US climate envoy John Kerry said Wednesday that Washington was not dictating climate solutions to China, after President Xi Jinping said Beijing will make its own decisions on how to address global warming.
Kerry spoke during the final day of a three-day trip to Beijing, during which he has said the threat of climate change requires a “new definition” of Chinese and American cooperation as the world’s two largest polluters revive stalled diplomacy on reducing planet-warming emissions.
The envoy said during a conference call with reporters that he and his team had “extremely warm and productive meetings” with senior Chinese officials during the visit, and that none expressed concerns about the United States pushing them on ways to deal with climate change.
A day earlier, Xi addressed a conference on the environment in Beijing where he stressed that China must chart its own course on carbon emissions.
“We must make the decisions on our own when it comes to the path, methods, pace, and intensity to achieve them. No one should expect to exert influence on us,” the Chinese president said, according to state-run news agency Xinhua.
He did not mention Kerry by name, according to the Xinhua report, and the US envoy was not in the audience during the address.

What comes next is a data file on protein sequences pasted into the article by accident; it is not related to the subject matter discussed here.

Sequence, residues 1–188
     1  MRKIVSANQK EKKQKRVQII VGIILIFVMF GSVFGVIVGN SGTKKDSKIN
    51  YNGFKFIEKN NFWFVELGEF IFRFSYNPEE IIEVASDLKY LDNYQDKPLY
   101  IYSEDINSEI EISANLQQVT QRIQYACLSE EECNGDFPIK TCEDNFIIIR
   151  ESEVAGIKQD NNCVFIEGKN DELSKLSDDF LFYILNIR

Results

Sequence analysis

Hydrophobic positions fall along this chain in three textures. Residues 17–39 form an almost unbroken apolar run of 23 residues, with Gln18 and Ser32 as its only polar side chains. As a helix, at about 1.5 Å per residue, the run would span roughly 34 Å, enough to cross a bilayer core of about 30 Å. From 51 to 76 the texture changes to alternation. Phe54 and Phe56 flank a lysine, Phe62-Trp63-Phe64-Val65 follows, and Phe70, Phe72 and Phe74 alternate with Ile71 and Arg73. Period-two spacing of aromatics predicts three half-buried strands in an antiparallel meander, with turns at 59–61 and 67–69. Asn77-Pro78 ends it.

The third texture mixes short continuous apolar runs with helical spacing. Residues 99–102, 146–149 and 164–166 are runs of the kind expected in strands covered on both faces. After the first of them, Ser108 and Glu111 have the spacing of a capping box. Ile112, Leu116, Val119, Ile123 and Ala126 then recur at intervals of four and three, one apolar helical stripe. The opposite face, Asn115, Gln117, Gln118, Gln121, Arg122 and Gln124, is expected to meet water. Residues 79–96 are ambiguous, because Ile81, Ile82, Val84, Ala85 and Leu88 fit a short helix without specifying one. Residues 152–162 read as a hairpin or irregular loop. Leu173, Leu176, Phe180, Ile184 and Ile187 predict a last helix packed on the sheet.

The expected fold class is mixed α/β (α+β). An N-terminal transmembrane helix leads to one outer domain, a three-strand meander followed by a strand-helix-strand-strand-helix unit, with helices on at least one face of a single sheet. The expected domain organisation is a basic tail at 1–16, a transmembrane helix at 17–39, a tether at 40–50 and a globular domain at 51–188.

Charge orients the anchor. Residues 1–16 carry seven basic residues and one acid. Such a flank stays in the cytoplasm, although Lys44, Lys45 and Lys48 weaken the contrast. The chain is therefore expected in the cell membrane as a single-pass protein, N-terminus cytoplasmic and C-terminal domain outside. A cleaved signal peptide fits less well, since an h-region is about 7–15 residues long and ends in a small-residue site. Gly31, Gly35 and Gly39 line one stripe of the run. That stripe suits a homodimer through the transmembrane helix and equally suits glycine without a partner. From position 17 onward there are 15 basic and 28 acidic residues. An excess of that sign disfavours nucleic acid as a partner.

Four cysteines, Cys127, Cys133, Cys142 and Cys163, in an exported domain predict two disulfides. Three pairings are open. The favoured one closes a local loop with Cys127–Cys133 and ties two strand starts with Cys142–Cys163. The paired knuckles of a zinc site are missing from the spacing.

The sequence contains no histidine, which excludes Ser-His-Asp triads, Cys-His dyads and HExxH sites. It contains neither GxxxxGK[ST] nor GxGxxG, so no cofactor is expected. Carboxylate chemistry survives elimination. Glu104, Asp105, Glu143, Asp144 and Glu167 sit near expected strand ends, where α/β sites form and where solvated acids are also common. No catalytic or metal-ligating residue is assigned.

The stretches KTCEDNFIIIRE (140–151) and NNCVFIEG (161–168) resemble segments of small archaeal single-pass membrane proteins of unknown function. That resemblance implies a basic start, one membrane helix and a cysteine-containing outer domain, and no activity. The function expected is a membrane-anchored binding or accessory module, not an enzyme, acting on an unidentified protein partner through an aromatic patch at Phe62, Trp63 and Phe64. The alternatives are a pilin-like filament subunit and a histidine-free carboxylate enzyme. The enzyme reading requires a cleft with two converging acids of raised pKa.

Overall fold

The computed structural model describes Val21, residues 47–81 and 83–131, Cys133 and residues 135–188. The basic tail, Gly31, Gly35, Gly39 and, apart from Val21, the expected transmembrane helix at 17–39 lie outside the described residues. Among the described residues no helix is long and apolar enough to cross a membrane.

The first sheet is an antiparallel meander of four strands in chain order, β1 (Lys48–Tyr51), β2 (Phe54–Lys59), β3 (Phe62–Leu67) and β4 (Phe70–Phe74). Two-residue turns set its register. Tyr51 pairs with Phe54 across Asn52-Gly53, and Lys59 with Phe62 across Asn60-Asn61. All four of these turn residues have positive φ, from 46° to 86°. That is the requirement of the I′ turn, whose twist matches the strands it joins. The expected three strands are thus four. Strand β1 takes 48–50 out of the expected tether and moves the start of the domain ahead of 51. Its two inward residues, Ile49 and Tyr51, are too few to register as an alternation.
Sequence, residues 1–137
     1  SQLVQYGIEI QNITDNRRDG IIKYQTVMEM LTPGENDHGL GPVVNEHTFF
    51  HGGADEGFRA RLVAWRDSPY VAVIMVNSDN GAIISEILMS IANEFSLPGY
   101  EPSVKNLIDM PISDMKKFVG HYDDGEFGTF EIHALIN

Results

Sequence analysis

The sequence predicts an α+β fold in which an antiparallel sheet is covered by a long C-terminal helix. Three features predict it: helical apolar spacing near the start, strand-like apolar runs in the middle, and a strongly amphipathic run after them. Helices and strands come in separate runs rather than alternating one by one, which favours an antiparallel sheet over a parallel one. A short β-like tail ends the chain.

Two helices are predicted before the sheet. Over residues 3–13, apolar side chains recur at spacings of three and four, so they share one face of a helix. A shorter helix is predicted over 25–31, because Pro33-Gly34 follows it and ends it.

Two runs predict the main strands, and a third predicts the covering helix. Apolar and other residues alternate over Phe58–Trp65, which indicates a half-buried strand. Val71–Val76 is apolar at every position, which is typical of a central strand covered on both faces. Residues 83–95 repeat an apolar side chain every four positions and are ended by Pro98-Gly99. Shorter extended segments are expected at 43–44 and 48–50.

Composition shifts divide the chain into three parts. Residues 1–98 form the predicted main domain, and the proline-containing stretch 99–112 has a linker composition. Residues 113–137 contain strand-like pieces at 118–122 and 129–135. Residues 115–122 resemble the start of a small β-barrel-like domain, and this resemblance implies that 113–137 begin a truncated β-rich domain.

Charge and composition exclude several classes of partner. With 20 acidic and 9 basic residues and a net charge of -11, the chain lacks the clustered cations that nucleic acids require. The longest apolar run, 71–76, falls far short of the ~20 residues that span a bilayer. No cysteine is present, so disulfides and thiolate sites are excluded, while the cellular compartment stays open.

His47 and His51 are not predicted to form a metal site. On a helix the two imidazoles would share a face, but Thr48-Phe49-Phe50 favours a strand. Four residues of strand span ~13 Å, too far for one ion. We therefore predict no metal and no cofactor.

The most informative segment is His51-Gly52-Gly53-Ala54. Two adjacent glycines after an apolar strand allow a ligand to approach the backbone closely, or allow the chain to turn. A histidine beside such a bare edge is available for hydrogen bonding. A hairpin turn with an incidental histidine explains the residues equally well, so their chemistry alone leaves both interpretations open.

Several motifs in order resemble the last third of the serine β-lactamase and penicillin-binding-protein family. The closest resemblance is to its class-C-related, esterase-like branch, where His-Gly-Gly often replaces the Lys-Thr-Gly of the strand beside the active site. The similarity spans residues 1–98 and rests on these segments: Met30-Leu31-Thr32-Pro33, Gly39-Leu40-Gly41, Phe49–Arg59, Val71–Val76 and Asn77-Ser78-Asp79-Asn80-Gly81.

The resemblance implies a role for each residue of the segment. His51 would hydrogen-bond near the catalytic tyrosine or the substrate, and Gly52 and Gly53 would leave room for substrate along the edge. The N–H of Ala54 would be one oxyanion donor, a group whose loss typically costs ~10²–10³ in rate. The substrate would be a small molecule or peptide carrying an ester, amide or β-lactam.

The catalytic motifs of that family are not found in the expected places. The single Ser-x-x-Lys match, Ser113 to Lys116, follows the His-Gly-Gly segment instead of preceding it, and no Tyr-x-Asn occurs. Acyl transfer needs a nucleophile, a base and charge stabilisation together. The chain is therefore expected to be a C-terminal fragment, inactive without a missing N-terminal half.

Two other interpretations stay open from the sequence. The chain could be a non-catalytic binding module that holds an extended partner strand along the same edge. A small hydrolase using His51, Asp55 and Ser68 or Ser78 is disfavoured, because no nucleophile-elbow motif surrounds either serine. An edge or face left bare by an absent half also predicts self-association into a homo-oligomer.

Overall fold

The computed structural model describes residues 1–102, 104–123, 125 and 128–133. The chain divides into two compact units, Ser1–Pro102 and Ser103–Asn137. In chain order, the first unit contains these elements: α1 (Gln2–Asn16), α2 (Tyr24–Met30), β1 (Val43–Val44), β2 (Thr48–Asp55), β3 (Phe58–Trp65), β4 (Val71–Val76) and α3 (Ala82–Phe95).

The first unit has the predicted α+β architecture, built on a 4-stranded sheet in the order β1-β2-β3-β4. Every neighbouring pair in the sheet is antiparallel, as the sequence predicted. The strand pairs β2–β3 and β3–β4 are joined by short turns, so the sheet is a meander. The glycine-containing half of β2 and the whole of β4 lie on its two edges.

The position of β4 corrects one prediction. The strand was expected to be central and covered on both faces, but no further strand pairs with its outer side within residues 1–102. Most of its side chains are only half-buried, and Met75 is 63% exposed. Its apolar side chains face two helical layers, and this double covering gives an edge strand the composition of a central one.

Asked about the comments Wednesday, Kerry said: “We’re not involved in dictating anything to anybody. We’re involved in following the science.”
Kerry, who met with China’s top diplomat Wang Yi, Chinese premier Li Qiang, and his climate policy counterpart Xie Zhenhua, said Xi’s comments were not reflected in his talks.
“There’s no politics or ideology in what we’re doing,” Kerry said.
“None of the leaders I met with suggested that there was any reason we shouldn’t be coordinating the way we are, working together the way we are, with mutual respect.”
Kerry said his discussions covered a lot of ground after a long break in bilateral climate talks.
The two-way discussions were cut off last year after Beijing took offence at a visit to Taiwan by then-US House Speaker Nancy Pelosi. China sees Taiwan as part of its territory awaiting reunification.
Kerry said the two sides focused on how to make the next UN climate summit — COP 28, scheduled for December in Dubai — a success, and on how to craft national targets to be submitted in 2025.
Both sides agreed to hone in on integrating renewable energy into the power sector in order to reduce coal emissions.
They also agreed to focus on non-CO2 greenhouse gas emissions, particularly methane, he said.
Kerry said US and Chinese officials would work “intensively” on these and other issues, and will meet again within a few weeks.
“We agreed to work together towards ambitious and agreed outcomes at the COP 28” and other international fora, he said.